Waiting for a major film release to finally hit store shelves can be a pain. Lack of availability is something often brought up during the discussion on piracy. Studios, for their part, have to battle with theaters when trying to release their movies to home viewers earlier than the current status quo. In an effort to revive flagging film sales, Fox will start digitally releasing high-definition versions of their films about three weeks before they can be bought on disc or viewed through on-demand services.
To top it off, Fox will also be lowering the price point to around $15 per film, whereas things currently sit around $20. If nothing else, lowering the cost of ownership should attract a few more inquiring minds. The whole scheme will be starting with the release of Ridley Scott’s Prometheus — which was middling at the box office, but promises to do better at retail.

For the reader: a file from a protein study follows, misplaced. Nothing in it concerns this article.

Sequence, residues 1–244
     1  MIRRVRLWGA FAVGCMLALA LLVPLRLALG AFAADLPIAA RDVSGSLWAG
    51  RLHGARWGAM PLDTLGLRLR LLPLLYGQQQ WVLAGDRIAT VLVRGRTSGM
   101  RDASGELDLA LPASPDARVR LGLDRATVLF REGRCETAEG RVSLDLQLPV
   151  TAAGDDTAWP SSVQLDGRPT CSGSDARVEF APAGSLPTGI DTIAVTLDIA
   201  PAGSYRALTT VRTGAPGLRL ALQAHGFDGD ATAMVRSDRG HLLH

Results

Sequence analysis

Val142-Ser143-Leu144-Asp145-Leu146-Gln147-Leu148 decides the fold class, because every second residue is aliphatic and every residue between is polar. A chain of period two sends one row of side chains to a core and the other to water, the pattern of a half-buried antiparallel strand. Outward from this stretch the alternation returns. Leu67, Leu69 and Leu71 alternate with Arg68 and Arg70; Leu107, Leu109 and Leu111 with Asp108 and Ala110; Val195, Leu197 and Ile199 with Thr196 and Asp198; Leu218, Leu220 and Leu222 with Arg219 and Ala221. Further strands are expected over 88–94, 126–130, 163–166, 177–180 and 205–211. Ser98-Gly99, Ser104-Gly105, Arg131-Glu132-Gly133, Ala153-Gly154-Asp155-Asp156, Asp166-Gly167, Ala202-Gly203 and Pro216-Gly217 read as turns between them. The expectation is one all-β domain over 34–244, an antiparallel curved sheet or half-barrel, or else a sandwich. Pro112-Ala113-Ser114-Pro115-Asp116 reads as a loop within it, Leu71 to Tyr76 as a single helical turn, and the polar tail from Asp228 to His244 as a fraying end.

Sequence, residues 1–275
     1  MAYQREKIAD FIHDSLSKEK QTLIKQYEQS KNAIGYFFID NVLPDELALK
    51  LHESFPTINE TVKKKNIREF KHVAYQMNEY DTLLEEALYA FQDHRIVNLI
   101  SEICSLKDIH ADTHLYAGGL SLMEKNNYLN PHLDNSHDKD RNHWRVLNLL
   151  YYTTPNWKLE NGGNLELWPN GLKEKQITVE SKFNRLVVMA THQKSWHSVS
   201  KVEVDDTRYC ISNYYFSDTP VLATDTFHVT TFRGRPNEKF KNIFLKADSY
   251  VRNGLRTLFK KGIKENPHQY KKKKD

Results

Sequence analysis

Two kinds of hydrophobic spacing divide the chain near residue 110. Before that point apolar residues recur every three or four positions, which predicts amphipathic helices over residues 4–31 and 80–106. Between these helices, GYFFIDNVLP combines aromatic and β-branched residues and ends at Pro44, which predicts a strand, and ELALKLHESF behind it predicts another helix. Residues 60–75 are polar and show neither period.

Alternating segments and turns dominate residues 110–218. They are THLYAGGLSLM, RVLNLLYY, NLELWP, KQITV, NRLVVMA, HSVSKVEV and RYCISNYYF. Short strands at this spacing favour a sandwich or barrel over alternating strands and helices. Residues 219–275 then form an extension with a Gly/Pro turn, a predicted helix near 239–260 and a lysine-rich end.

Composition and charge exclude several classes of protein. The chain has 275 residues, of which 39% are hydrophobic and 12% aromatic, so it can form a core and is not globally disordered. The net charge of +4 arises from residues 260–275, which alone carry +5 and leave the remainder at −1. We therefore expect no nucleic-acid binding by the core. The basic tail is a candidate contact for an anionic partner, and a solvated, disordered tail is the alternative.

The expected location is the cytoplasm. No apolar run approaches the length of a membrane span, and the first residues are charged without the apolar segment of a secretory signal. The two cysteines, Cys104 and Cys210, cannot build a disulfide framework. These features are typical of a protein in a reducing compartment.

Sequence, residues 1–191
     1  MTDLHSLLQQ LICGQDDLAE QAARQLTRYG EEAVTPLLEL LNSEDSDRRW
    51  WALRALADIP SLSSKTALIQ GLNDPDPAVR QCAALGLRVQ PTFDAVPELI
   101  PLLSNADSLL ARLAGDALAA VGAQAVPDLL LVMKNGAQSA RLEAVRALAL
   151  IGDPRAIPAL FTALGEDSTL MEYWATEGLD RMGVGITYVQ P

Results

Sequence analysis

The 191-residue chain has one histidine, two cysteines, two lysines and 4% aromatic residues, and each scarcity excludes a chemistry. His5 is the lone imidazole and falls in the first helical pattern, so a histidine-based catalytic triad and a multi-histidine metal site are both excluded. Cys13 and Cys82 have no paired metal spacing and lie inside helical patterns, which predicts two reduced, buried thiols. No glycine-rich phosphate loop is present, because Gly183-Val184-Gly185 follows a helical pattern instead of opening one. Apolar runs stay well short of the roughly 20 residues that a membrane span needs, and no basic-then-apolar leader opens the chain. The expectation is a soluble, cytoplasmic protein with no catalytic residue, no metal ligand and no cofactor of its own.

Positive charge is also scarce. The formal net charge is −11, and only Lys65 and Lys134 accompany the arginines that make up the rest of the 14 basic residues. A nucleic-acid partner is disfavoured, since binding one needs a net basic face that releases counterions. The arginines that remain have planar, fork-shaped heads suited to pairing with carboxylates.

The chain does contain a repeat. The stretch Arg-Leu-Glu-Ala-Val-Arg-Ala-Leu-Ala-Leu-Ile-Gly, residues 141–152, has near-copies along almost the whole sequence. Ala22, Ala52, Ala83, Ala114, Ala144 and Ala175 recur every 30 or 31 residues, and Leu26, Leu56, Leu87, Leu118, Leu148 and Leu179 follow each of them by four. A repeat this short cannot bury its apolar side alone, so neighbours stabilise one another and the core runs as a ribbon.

Fox intends to rebrand their digital sales as “Digital HD” or “DHD,” because we clearly needed another acronym in an already saturated arena. A new service needs a new name, though, to distance itself from the inferiority of its previous incarnation. It is known.
The digital offering will be in effect for an indefinite period while Fox hoards data on whether it’s effective. If it proves worthwhile, the venture will likely continue, but don’t be surprised to find Fox changing its mind down the road. The earlier release only shifts things by a handful of weeks, after all. The chances of this being the answer to the studio’s digital prayers are slim, but not entirely without possibility.
(via The New York Times)
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